Your life speaks louder than your words.
This was the last sentence to a recent post I saw on Facebook. It wasn’t in quotes, so I don’t know if anyone said other than the Facebook user.
Right now, my life speaks volumes about the importance of sleep. Not just a quick nap, but the importance of good, old-fashion rest and recovery.
For a while now, my sleep schedule has consisted of aiming to go to bed around 9 p.m., but really going to bed around 11. It’s the summer, the sun and kids are still up. Then around 1 or 2 a.m., I get up because of something usually dog related. Most nights, I can’t get back to sleep until around 4:30 or 5. Then I get up at 6 a.m. because my dogs are crazy and bark at everyone and everything on the street.
The past two nights, while I still haven’t nailed my bedtimes, my sleep had been dead on. I’m awake and feel awesome.
But those other days, I have a hard time doing much of anything. My work suffers as well as things at home.
I had this problem when my kids where smaller. I’d get home around midnight, but really couldn’t settle my brain down until 2 a.m., then I’d get up around 6, so I could get the kids ready for school. I did this for about six years, rather horribly.
Why didn’t I ask my husband for help? I’m more of a morning person that he is. I’m awake in the morning, not matter what. But when I loose sleep, my battery drains by lunchtime.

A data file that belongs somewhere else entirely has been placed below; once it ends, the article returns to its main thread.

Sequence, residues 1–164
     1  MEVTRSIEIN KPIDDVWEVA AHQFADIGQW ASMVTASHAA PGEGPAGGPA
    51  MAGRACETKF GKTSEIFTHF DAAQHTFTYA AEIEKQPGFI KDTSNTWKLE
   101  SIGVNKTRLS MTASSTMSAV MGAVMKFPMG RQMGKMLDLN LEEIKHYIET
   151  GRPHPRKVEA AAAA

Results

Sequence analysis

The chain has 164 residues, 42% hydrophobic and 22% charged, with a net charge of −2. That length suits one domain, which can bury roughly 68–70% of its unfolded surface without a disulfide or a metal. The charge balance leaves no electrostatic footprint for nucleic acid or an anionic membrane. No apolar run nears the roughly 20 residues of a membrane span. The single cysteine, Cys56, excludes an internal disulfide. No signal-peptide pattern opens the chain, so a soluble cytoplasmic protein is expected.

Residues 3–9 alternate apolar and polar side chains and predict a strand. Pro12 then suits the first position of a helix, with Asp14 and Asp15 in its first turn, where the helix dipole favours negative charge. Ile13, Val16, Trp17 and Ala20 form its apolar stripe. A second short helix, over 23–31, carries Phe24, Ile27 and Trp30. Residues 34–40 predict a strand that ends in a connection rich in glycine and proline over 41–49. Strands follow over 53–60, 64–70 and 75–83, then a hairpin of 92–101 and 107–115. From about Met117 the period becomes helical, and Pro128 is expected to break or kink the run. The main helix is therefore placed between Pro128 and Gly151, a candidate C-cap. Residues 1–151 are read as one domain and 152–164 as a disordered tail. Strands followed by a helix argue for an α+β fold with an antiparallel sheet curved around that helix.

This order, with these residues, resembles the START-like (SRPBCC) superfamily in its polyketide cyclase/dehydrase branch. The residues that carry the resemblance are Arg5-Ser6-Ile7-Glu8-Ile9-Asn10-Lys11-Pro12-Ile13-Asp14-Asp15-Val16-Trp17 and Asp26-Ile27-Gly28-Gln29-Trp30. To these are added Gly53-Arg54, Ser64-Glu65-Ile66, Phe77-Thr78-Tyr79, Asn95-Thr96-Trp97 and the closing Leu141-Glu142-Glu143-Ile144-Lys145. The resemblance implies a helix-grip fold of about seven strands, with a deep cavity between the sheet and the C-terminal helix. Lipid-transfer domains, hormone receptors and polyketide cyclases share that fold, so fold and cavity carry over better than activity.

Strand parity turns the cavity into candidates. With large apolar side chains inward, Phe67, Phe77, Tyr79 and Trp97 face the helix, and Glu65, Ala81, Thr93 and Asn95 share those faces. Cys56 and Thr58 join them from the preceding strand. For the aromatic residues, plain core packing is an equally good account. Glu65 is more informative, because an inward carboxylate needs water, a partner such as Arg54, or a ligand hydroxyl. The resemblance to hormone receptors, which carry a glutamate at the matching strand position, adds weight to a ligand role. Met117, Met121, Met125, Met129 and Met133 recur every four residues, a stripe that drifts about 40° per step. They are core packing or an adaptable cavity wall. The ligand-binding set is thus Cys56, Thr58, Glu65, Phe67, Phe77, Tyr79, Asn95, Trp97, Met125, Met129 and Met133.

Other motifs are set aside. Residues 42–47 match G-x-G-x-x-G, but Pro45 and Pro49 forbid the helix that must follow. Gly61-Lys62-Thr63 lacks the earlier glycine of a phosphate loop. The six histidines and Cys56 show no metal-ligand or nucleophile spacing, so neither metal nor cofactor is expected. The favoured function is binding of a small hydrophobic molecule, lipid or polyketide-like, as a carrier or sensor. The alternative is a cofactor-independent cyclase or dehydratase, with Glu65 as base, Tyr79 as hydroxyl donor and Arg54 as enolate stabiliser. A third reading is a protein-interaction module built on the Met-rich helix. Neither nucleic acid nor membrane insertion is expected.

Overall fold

When my kids were little, I had a particularly demanding boss who thought I could be more, achieve more than what I was. What I was, was tired. Some days, I had a decent night’s sleep and could do great things. But most days, I was too tired, too unwilling to put in the effort.
I am into the final stretch of a training plan for an upcoming 8k. To be honest, my lack of sleep has hurt the exercise routine the most. My muscles are overly tired, my brain isn’t paying attention.
I’ve done this before, but then I had little kids who were driving me nuts. They’re still driving me nuts, but in a different way. I needed to be alert because they were too young to fend for themselves. Exercise was a way for all of us to get outside and to wear the little minions out, hopefully before I wore out.
Now, I’m just wore out. And my kids understand. When I say I don’t want to clean up, my youngest kid give me a nod and says, “Yeah, I agree. I hate cleaning.”
So where to do from here? I’m trying to do what the first line of this post says and let my life speak louder than my words.
I am doing what I can, when I can. I do what I can when I can, which sometimes means missing other obligations (sorry about that conference call, guys) in order of taking care of my own needs. I do my workouts without setting on a time or distance expectation. Just do something, get moving.
I’m also addressing the lack of sleep and really trying to do it without sleep aids. If I can create a clean, sleepy environment and use some mental sleep aids, I can put more quality hours on my bed.
If I can deal with certain problems that are bugging me, I can put one less thing in the worry jar that seems to open every night flooding my mind with wandering, scary thoughts.
To sleep, so I can do — that’s the goal right now. Everything else will fall into place.